Best Airlines For Traveling With Surfboards

Let’s get real: baggage fees are a pain.

It’s no secret that commuters across the country despise having to pay $25 or $50 for the right to bring their underwear on vacation with them. So much so, in fact, that the very first article I ever penned for Gadling advised travelers on how to leave the plane with more bags than you boarded with.

More than just commuters, however, you know who REALLY hate baggage fees?


While commuters may be able to sacrifice their favorite V-neck sweater when packing for a flight, surfers traveling without surfboards are in for a long vacation filled with swimming and skipping rocks.

Sure, there are lots of surf destinations where you can rent boards, but what if you’re going feral to a location without board rental? What if you’re a traveling pro surfer who needs his/her same quiver of boards to compete for contests?

Bottom line is you’re going to have to pack them on the plane, and depending where in the world you are, that can be a costly situation. I had a landlord once pay $650 in board fees flying Indonesia to Hawaii, and as you might expect, he was not exactly pleased.How do kite surfers get around this dilemma? Throw all the gear into a golf bag and make use of a loophole, which waives fees for golf bags. (Seriously, who needs the baggage break more, poor surfers or rich golfers?).

Loopholes aside, in the Spring 2012 installment of Board Bag Blues posted on Surfline, the surf forecasting team has compiled a helpful and thorough rundown of global airlines and what they charge for transporting surfboards.

The winners?

Air New Zealand, Qantas, British Airways, LAN, Air Tahiti Nui, Singapore, Sri Lankan Airlines, South African Airlines, Malaysian, Virgin Atlantic, Air France, Aer Lingus, Air Emirates and Interjet. All transport boards for free though conditions apply.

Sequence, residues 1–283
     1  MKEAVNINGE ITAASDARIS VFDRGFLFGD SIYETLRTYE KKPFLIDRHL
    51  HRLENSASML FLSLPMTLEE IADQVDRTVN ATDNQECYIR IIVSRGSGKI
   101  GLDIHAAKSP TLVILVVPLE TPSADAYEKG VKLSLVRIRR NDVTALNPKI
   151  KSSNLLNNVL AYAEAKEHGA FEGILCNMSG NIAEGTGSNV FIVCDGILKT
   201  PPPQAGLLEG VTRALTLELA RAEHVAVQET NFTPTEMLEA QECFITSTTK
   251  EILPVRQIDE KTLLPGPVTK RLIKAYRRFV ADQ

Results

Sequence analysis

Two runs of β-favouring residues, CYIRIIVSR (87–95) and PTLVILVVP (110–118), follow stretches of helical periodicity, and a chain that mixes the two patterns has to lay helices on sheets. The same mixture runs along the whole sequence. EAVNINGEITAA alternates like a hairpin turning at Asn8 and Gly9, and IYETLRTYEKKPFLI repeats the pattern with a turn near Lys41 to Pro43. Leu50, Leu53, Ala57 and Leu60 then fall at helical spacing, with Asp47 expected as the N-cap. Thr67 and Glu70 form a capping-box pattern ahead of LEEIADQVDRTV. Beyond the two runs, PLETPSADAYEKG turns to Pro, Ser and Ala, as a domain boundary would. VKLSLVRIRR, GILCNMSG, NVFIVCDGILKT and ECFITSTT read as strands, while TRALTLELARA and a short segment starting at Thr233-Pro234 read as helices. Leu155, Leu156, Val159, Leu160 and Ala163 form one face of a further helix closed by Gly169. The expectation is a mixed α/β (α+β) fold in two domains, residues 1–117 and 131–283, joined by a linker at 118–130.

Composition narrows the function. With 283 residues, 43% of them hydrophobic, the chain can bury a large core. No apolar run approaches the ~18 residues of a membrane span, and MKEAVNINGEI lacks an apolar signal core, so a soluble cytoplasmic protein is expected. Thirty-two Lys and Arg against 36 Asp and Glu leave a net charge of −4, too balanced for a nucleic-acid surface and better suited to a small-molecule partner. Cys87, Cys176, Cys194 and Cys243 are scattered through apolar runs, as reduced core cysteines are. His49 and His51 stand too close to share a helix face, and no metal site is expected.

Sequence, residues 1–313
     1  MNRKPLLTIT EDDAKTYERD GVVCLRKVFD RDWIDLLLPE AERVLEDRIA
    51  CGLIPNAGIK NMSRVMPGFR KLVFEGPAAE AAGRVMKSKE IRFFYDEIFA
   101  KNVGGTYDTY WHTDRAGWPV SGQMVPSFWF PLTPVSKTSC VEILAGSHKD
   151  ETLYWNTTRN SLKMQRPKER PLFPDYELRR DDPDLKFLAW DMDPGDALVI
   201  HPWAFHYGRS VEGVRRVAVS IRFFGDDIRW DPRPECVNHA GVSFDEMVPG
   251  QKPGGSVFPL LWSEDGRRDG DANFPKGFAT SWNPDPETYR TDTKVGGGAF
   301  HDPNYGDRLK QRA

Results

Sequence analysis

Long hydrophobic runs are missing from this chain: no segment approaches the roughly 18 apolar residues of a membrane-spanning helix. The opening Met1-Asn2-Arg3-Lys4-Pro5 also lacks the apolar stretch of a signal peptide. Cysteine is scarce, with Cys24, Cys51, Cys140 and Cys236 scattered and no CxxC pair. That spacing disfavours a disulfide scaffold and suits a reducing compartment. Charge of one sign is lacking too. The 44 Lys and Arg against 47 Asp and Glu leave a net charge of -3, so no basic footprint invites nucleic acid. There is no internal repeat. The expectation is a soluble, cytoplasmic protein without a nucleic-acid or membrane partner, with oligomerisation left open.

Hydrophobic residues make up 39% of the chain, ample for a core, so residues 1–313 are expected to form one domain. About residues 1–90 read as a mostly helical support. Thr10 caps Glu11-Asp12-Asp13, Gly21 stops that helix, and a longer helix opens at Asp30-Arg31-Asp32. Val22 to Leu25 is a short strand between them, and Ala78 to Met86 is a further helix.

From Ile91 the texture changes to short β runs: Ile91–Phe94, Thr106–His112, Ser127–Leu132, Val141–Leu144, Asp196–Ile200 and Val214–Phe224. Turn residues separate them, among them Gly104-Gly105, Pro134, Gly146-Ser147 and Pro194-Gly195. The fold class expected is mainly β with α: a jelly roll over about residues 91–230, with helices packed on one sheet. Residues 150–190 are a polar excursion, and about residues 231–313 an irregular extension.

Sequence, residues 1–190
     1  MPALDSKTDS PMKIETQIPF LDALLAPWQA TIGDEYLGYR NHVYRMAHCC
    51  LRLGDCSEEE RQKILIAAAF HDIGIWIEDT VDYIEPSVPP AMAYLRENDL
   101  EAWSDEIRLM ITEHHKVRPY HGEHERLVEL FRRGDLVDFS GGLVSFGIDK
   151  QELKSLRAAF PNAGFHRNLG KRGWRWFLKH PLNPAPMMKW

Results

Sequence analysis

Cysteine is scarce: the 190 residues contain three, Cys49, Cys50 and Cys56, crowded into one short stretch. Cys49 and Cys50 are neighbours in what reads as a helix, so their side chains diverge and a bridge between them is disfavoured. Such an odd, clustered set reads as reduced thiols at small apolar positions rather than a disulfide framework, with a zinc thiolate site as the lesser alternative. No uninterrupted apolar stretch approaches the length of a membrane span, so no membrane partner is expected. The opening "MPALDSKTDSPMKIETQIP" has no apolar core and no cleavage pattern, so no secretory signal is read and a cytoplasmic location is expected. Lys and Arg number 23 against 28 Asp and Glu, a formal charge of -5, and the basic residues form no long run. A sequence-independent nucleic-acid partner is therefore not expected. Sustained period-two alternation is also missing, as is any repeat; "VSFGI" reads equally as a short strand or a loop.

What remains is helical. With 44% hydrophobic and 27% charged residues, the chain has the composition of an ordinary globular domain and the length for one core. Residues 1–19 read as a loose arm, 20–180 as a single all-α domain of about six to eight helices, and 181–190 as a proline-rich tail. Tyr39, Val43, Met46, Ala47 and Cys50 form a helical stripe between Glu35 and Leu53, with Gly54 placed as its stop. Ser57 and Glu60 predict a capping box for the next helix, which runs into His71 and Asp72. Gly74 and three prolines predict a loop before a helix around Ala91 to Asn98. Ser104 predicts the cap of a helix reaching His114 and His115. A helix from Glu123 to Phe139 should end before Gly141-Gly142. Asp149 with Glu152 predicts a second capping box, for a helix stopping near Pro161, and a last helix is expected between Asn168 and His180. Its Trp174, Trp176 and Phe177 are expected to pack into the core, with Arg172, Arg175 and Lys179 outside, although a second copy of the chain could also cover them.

Cathay Pacific ($600!), United ($100-$200), Delta ($150) and a host of others.

Costs are usually per board and though you’ll sometimes get away with cramming three boards into a windsurf board bag, don’t be surprised if they make you open it up and count the boards.

Need more inspiration? Check out Surfline’s travel section to get you planning your next surf trip. Then, of course, good luck deciding which airline is the best bet to get you there.

Do you travel more than a pro surfer?

In all of professional sports, I doubt there are many athletes who travel more for their job than professional surfers. In fact, I doubt there are many people involved in any profession who travel more than professional surfers do on an annual basis.

Unless you are, oh, I don’t know, an exploratory oil engineer, a FedEx airline pilot, or some sort of covert operative, there’s a real good chance that the world’s top wave chargers are circling the globe far more rapidly than you are.

So just what does the schedule of a professional surfer look like?

To begin with, the 36 surfers on the ASP World Tour compete in 11 different events that take them across Australia, Brazil, South Africa, France, Portugal, Tahiti, California, and Hawaii over the course of the year. During the 4-6 weeks between events, many of these surfers are jetting across the globe chasing swells and doing promo shoots in countries that include the expected (Indonesia, Fiji, Costa Rica), the remote (Namibia, Madagascar, Iceland), and the downright dangerous (I’ve seen articles on surf in Libya, and it actually looks really good).

Considering the constant demands of chasing swells that can pop up in any corner of the world, many pro surfers spend little more than a month or two at “home” in any given year.